Article on Tinder’s Data Collection

A woman wrote about seeing her personal information that Tinder had stored about her in The Guardian recently. It’s an insight into how a lot of Internet-based corporations are collecting data too.

The dating app has 800 pages of information on me, and probably on you too if you are also one of its 50 million users. In March I asked Tinder to grant me access to my personal data. Every European citizen is allowed to do so under EU data protection law, yet very few actually do, according to Tinder.

With the help of privacy activist Paul-Olivier Dehaye from and human rights lawyer Ravi Naik, I emailed Tinder requesting my personal data and got back way more than I bargained for.

“I am horrified but absolutely not surprised by this amount of data,” said Olivier Keyes, a data scientist at the University of Washington. “Every app you use regularly on your phone owns the same [kinds of information]. Facebook has thousands of pages about you!”

As I flicked through page after page of my data I felt guilty. I was amazed by how much information I was voluntarily disclosing: from locations, interests and jobs, to pictures, music tastes and what I liked to eat. But I quickly realised I wasn’t the only one. A July 2017 study revealed Tinder users are excessively willing to disclose information without realising it.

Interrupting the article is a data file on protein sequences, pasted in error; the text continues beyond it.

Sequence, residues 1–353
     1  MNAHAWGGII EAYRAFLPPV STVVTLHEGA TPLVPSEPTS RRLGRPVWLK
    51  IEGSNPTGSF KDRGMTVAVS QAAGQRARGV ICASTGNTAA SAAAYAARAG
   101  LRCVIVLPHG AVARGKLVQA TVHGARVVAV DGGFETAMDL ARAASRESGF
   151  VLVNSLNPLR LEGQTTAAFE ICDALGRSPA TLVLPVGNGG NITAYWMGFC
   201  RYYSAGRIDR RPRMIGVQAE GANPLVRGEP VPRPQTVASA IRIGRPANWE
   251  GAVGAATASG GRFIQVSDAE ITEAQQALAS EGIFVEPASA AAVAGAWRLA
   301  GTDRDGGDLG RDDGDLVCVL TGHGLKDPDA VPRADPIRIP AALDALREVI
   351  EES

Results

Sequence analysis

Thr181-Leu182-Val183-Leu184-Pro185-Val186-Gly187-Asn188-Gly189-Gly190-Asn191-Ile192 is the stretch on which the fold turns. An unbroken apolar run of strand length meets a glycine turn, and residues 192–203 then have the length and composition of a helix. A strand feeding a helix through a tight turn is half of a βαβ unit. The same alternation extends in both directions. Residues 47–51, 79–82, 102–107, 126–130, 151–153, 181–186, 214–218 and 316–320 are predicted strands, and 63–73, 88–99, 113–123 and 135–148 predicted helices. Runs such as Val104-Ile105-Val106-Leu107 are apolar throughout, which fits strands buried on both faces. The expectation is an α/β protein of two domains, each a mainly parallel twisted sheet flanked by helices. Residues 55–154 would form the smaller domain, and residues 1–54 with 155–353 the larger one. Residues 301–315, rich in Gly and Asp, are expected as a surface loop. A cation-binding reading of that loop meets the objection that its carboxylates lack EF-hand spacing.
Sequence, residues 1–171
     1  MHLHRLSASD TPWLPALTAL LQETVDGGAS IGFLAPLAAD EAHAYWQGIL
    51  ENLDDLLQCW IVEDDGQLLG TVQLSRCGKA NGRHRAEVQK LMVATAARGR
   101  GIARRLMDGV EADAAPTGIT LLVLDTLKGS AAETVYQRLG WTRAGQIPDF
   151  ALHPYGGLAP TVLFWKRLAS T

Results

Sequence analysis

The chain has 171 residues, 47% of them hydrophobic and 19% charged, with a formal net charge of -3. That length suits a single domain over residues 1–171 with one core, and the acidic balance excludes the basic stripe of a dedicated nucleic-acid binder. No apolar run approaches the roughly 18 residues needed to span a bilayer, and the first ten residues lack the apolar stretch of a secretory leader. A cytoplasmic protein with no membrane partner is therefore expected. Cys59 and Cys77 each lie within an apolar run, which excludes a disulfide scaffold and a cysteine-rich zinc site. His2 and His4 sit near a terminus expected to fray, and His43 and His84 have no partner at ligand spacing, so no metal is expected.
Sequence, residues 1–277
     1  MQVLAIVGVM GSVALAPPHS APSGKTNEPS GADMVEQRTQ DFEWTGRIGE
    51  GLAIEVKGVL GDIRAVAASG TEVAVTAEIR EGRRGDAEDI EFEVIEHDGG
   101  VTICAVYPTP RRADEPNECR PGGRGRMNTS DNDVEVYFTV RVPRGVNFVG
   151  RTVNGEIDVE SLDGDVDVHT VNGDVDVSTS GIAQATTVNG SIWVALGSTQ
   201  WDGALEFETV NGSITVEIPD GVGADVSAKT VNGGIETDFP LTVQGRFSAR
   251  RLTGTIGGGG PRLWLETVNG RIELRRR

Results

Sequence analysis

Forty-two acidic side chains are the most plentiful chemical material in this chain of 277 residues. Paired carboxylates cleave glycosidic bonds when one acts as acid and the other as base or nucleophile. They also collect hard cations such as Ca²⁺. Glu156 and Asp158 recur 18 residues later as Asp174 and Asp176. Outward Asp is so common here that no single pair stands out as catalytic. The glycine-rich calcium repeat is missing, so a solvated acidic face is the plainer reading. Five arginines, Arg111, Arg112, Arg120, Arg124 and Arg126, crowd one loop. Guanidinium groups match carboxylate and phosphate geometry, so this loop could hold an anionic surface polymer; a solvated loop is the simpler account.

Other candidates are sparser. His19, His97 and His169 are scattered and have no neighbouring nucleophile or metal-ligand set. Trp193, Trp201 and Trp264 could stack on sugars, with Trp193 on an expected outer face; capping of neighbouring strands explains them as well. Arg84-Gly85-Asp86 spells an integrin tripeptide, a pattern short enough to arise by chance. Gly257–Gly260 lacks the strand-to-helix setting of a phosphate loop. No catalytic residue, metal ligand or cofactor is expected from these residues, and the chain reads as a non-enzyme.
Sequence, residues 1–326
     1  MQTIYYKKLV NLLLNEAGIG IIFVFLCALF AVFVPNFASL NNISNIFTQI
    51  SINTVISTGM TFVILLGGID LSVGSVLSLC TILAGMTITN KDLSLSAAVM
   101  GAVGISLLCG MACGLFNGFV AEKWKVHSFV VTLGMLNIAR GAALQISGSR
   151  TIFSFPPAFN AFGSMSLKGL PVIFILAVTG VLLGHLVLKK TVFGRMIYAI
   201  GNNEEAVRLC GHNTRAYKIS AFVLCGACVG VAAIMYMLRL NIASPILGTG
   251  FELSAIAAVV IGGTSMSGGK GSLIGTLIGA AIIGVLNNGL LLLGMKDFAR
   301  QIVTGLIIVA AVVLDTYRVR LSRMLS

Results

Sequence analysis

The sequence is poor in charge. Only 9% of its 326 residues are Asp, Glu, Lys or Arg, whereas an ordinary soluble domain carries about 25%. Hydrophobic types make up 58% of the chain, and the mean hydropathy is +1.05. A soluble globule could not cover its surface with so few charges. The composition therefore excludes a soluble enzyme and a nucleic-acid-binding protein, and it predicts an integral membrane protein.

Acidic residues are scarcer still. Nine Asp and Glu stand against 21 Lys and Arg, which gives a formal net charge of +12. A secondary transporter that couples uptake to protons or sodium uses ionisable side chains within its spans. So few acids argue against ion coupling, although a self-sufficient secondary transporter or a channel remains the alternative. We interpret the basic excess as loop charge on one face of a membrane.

“You are lured into giving away all this information,” says Luke Stark, a digital technology sociologist at Dartmouth University. “Apps such as Tinder are taking advantage of a simple emotional phenomenon; we can’t feel data. This is why seeing everything printed strikes you. We are physical creatures. We need materiality.”

Reading through the 1,700 Tinder messages I’ve sent since 2013, I took a trip into my hopes, fears, sexual preferences and deepest secrets. Tinder knows me so well. It knows the real, inglorious version of me who copy-pasted the same joke to match 567, 568, and 569; who exchanged compulsively with 16 different people simultaneously one New Year’s Day, and then ghosted 16 of them.


What will happen if this treasure trove of data gets hacked, is made public or simply bought by another company? I can almost feel the shame I would experience. The thought that, before sending me these 800 pages, someone at Tinder might have read them already makes me cringe.